The minimum wage is raised
13th of December
Parliament votes to raise the minimum wage by 10 percent to EUR 667 after
tax; Another increase, to EUR 700, will be implemented in 2020. Salary issues
dominated the spring election campaign and the proposal is presented by the
small party Vänstern, which has a crucial role as a support party for Marjan
Šarec's minority government.
Overview of the capital city of Slovenia, including information about its population, economy, geography, history and map.
New government takes office
Just over three months after the election, Parliament voted with the numbers
45-34 for Marjan Šarec's minority government with 16 ministers, of which 4 are
women. In addition to Šarec's party LMS, the government also includes four other
left-wing parties (SD, SMC, SAB and Desus). The recently resigned Prime
Minister, Miro Cerar, returns as Foreign Minister. The government has also
secured support in Parliament by the Left. The new government says that
healthcare, the economy and the defense are priority areas.
New minority government gets the go-ahead
Parliament approves with the votes 55–31 Marjan Šarec as prime minister and
thus, just over two months of political uncertainty after the parliamentary
elections seems to be over. Just over a week earlier, Šarec's party LMS has
settled with four other left-wing parties to form a minority government with
support in Parliament by the Left. The 40-year-old former comedian Šarec, who is
expected to take over as head of government by September, becomes the country's
youngest head of government since independence in 1991. In a speech to
Parliament, he struck an EU-friendly tone and said Slovenia should remain a
so-called core state in the Union.
First attempts at government formation fail
President Borut Pahor informs Parliament that he cannot nominate any of the
leaders of the parties that received the most votes in the election, SDS leader
Janez Janša or Marjan Šarec, leader of the LMS, as prime minister. This is
because they do not have the support of a majority in Parliament. The president
has by law had 30 days to appoint a prime minister with support in parliament.
Instead, it will now be possible for the President and, among other groups in
Parliament, to propose his own candidates.
Dispute against Croatia to the European Court of Justice
The government appeals to the European Court of Justice in Luxembourg due to
the border dispute with Croatia (see January 2018). The
decision, since the European Commission has chosen not to stand on either side
of the conflict. In June, when the Commission issued its statement on
neutrality, Prime Minister Cerar accused the EU of making a political decision
instead of taking legal considerations.
The right-wing party SDS wins the parliamentary election
The Conservative SDS returns as the largest party with just under 25 percent
of the vote and 25 of the 90 seats. Government formation can be expected to be a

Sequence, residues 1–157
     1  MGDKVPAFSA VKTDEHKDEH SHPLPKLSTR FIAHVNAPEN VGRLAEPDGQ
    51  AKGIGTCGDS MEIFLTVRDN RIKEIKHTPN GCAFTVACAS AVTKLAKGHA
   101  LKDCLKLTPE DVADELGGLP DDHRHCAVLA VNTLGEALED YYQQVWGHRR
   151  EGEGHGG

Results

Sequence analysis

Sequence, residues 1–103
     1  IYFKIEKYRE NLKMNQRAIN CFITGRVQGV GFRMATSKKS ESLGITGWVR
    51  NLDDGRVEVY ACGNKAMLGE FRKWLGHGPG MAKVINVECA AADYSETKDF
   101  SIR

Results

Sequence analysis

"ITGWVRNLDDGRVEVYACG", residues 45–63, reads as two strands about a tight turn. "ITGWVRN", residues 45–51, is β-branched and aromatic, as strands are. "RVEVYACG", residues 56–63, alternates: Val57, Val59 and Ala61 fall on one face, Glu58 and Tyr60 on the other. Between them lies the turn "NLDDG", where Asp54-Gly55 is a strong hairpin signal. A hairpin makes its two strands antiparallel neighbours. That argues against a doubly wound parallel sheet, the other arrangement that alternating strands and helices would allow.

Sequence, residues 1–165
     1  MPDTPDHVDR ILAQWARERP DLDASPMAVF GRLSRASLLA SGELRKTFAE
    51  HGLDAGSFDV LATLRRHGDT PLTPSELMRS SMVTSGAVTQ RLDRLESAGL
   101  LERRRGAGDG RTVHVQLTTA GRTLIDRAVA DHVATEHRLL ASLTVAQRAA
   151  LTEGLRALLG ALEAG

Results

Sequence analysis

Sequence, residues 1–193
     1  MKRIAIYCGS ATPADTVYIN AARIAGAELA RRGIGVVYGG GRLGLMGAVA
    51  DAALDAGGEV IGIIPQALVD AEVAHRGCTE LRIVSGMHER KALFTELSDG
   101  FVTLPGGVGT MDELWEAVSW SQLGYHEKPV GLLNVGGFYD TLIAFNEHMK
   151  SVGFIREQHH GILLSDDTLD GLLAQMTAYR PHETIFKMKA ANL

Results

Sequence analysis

difficult nut to crack as other major parties have excluded cooperation with
SDS. Party leader Janez Janša has run an election campaign with strong
xenophobic elements and has the support of Hungary's right-wing nationalist
Prime Minister Viktor Orbán, which has led to criticism of foreign involvement
in the election. The second largest party is the left-wing party Marjan Šarec's
list (LMS), which is new as a national party, with 13 seats, followed by the
Social Democrats (SD) and the Modern Center Party (SMC) with 10 seats each. Then
comes the Left (L) with 9 seats, New Slovenia (NSI) with 7, Alenka Bratušek's
party (SAB) with 5, the Democratic Pensioners' Party (Desus) with 5 and the
Slovenian Nationalist Party (SNS) with 4 seats.
The electoral movement begins
The electoral movement before the parliamentary elections on June 3 begins
formally. Over 20 parties and party alliances are running for election. In the
opinion polls, the ruling SMC and the new center-left party LMS are equal. On
the right, SDS looks to remain the largest.
Parliament dissolved before elections
President Pahor dissolves Parliament and announces elections on June 3, just
a week earlier than if the Prime Minister had not resigned in March. Over 20
parties and partial alliances have confirmed that they are running for election.
Opinion polls indicate that a newcomer can again put things to an end, just as
in both previous parliamentary elections. This time it is Marjan Šarec's list
(LMS) who is the newcomer, a former local party whose leader Marjan Šarec lost
the presidential election by a marginal margin (see November 2017).
The Prime Minister resigns
14th of March
Prime Minister Miro Cerar announces that he has filed his resignation
application after the Constitutional Court annulled the result in the referendum
on the railway to Koper (see September 2017). The Court finds
that the government did not take a sufficiently impartial stance when public
funds went to the jas side in the vote. The parliamentary elections to be held
in June are now expected to be scheduled.
Threats of action against Croatia
Slovenia must "clearly" take legal action against Croatia because of its
neighbor's refusal to comply with the arbitration on the border crossing in the
Gulf of Piran - this is what Prime Minister Cerar said in a statement (see
December 2017). Foreign Minister Karel Erjavec has said that
Slovenia will block Croatia's entry into the EU passport Schengen as long as
Zagreb refuses to follow the verdict.